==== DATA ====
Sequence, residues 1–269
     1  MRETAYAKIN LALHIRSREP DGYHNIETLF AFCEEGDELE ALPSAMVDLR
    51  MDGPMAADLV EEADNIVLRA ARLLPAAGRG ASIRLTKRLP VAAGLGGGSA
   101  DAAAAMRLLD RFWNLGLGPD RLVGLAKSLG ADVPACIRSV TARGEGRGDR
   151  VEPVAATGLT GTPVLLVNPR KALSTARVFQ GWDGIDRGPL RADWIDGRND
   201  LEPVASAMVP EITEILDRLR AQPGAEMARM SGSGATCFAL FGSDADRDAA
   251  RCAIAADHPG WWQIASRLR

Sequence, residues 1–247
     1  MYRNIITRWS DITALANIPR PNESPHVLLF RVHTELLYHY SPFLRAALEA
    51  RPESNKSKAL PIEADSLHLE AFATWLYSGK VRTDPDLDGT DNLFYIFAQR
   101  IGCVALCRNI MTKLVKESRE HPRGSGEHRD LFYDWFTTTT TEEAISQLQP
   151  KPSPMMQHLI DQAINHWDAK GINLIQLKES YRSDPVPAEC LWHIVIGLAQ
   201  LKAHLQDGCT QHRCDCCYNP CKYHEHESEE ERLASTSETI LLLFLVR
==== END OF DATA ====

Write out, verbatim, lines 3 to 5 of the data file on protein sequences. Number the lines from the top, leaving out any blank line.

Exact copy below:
    51  MDGPMAADLV EEADNIVLRA ARLLPAAGRG ASIRLTKRLP VAAGLGGGSA
   101  DAAAAMRLLD RFWNLGLGPD RLVGLAKSLG ADVPACIRSV TARGEGRGDR
   151  VEPVAATGLT GTPVLLVNPR KALSTARVFQ GWDGIDRGPL RADWIDGRND